Appellant contends that the ambiguity he alleges is egregious when considered in the context of the statute's legislative history, and that this history demonstrates that "what was considered was an act that was done with the intent to defraud by fraudulently creating a financial or other loss to either the supplier of the goods, credit, or services and/or the identity theft victim." Courts generally resort to legislative history to resolve ambiguities, not to create them. Nevertheless, we recognize that "`language that appears unambiguous on its face may be shown to have a latent ambiguity.' [Citation.]" ( People v. Townsend (1998) 62 Cal.App.4th 1390, 1395 [ 73 Cal.Rptr.2d 438].) Thus, "it is settled that the language of a statute should not be given a literal meaning if doing so would result in absurd consequences that the Legislature did not intend. To this extent, therefore, intent prevails over the letter of the law and the letter will be read in accordance with the spirit of the enactment. [Citation.]" ( In re Michele D. (2002) 29 Cal.4th 600, 606 [ 128 Cal.Rptr.2d 92, 59 P.3d 164].) In such circumstances, "[w]e . . . apply the principles that pertain where statutory ambiguity exists, adopting the interpretation that leads to a more reasonable result. [Citation.] It is appropriate to consider evidence of the intent of the enacting body in addition to the words of the measure, and to examine the history and background of the provision, in an attempt to ascertain the most reasonable interpretation. [Citations.]" ( People v. Canty, supra, 32 Cal.4th at p. 1277.)
In our view, the legislative history of section 530.5 does not assist appellant. It is true the bill's supporters reportedly argued "that the problem of `identity theft' is growing due to the claim that stealing a person's identity is `easy' because a defrauder must obtain only a consumer's first or last name and a Social Security number before completing a fraudulent credit application." (Assem. Com. on Banking and Finance, Analysis of Assem. Bill No. 156 (1997-1998 Reg. Sess.) as amended Mar. 31, 1997, p. 2, athttp://www.leginfo.ca.gov/pub/97-98/bill/asm/ab_0151-0200/ ab_156_cfa_19970404_155153_asm_comm.html [as of Mar. 17, 2005], italics added.) It is also true that the bill's author reportedly referred to an identity thief as a "defrauder," and used the example of a criminal who walks into a store that provides instant credit, fills out a credit application using someone else's identifying information, opens an account, charges thousands of dollars of merchandise, and never pays a dime. (Sen. Com. on Public Safety, Analysis of Assem. Bill No. 156 (1997-1998 Reg. Sess.) as amended July 3, 1997, p. 4, athttp://www.leginfo.ca.gov/pub/97-98/bill/asm/ab_0151-0200/ ab-156_cfa_19970715_170405_sen_comm.html [as of Mar. 17, 2005].) However, the fact that the bill's author and supporters may have used a shorthand term to describe someone who makes unauthorized use of personal identifying information of another, or "[t]he fact that the Legislature may not have considered every factual permutation of [identity theft], including [conduct which purportedly causes no financial harm or loss], does not mean the Legislature did not intend for the statute to reach that conduct." ( In re Michelle D., supra, 29 Cal.4th at p. 606.) In our view, the fact that the legislative history refers to what might be the more common form of identity theft does not, in any way, suggest the Legislature's intent in enacting subdivision (a) was to reach only conduct involving an intent to defraud or which causes financial loss or harm.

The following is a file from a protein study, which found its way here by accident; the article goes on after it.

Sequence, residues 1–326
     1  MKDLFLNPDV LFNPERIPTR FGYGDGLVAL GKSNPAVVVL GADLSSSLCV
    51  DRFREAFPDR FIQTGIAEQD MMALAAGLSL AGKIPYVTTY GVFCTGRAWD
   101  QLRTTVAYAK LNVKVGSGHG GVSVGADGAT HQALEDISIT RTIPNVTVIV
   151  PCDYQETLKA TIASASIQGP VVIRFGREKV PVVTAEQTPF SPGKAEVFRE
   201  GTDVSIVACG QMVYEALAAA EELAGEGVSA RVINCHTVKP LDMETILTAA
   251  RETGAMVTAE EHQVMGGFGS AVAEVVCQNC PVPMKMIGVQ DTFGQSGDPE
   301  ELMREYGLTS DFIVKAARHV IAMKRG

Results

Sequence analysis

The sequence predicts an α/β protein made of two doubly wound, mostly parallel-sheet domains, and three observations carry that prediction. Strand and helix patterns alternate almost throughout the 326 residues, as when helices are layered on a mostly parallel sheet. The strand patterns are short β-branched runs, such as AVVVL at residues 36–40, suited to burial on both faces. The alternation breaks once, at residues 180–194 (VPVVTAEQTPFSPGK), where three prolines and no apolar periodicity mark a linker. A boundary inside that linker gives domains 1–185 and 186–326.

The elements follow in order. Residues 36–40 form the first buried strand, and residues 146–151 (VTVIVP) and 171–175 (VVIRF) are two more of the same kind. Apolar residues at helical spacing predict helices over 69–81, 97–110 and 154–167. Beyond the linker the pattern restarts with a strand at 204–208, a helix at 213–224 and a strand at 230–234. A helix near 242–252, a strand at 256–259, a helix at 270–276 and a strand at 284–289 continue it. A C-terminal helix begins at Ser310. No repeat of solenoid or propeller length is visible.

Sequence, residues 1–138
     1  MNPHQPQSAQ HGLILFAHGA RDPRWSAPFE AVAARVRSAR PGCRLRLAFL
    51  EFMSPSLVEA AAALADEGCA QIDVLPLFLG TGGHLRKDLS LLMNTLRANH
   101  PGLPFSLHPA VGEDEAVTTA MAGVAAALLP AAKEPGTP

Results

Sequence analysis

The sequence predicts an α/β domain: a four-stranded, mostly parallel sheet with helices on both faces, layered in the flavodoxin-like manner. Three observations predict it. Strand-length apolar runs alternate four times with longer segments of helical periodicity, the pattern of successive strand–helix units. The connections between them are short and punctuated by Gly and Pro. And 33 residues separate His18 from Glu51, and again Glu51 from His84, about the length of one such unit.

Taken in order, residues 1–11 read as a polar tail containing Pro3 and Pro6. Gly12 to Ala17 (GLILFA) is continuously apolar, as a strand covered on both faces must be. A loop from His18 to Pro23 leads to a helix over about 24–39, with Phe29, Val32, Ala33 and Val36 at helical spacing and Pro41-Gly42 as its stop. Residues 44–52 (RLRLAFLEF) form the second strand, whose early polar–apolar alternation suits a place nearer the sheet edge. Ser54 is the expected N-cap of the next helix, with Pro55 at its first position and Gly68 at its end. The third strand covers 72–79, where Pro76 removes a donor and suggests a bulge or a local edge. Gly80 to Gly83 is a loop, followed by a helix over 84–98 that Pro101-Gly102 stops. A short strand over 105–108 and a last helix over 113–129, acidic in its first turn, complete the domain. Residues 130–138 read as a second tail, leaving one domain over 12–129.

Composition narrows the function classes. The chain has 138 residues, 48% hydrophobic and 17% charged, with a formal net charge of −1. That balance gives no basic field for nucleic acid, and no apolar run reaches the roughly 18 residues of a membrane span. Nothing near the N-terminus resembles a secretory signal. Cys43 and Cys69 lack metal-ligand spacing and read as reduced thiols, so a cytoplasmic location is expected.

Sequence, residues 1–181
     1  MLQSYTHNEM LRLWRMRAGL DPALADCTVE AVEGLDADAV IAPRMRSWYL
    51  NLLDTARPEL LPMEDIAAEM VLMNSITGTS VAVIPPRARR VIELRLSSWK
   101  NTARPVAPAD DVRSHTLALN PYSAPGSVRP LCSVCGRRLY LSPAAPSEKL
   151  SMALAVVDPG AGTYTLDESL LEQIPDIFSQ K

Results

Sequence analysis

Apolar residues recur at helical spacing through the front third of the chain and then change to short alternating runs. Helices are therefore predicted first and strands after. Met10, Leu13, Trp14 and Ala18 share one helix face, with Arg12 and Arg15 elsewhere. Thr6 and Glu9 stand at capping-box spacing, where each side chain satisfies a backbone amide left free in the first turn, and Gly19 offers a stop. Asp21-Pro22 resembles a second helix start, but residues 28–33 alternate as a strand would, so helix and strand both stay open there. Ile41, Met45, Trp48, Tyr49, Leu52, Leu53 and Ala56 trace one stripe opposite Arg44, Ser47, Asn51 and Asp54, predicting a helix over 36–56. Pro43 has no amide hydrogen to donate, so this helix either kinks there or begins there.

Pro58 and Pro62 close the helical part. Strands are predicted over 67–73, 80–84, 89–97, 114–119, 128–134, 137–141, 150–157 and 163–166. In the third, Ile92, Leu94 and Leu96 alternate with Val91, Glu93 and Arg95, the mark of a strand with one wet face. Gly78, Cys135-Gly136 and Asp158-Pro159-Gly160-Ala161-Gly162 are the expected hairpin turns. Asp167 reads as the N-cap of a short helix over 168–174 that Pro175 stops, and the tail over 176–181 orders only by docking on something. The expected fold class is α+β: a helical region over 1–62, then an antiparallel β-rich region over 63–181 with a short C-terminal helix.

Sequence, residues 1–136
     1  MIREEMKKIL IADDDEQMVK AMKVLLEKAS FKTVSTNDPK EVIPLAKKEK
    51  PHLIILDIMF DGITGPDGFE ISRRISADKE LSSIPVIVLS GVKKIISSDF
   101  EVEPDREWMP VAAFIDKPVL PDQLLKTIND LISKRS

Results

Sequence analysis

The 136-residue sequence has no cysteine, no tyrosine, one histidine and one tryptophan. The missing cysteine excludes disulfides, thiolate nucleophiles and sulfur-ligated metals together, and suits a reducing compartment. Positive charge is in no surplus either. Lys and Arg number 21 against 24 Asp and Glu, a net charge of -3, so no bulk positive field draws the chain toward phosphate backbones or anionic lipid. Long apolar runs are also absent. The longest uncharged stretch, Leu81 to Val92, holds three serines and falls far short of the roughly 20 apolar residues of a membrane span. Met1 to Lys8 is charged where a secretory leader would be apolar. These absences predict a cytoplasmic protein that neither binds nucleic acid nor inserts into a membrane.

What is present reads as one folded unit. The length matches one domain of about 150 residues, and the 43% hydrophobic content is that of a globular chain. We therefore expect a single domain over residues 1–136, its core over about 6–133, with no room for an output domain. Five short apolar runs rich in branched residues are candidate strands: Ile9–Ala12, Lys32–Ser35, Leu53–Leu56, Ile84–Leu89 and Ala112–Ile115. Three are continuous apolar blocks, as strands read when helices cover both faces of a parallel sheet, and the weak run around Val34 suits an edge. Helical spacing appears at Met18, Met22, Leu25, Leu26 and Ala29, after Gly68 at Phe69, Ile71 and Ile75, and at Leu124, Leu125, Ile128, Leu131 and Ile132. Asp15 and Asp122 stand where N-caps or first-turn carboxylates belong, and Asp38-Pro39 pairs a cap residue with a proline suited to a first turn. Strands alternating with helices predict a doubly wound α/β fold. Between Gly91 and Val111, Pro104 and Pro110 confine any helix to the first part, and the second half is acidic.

"[I]t is beyond question that the Legislature may, and has, defined crimes and punishments in which causation analysis plays no practical part. For example, if a defendant has possessed contraband, burglarized a premises or battered another, criminal punishment is imposed to deter socially intolerable conduct regardless of any injury which may have been caused by the act. [Citation.]" ( People v. Jackson (2000) 77 Cal.App.4th 574, 578 [ 91 Cal.Rptr.2d 805].) In light of the indisputable evil to be remedied with respect to identity theft, the Legislature rationally appears to have concluded that willfulness, when coupled with use for an unlawful purpose, provides a sufficient mens rea for the offense, and that no injurious intent or result is required. (See People v. Rathert (2000) 24 Cal.4th 200, 205-206 [ 99 Cal.Rptr.2d 779, 6 P.3d 700].)
"The word `willfully' as generally used in the law is a synonym for `intentionally,' i.e., the defendant intended to do the act proscribed by the penal statute." ( People v. Lewis (2004) 120 Cal.App.4th 837, 852 [ 15 Cal.Rptr.3d 891].) "It does not require any intent to violate law, or to injure another, or to acquire any advantage." (§ 7, subd. 1.)
"The judiciary ordinarily has no power to insert in a statute an element the Legislature has omitted [citation]" ( People v. Superior Court ( Aishman) (1995) 10 Cal.4th 735, 740-741 [ 42 Cal.Rptr.2d 377, 896 P.2d 1387]); where, as here, the statute has an appropriate mens rea requirement, "no reason appears . . . to warrant departure from this rule." ( Ibid.; People v. Valenzuela (2001) 92 Cal.App.4th 768, 778 [ 112 Cal.Rptr.2d 209].)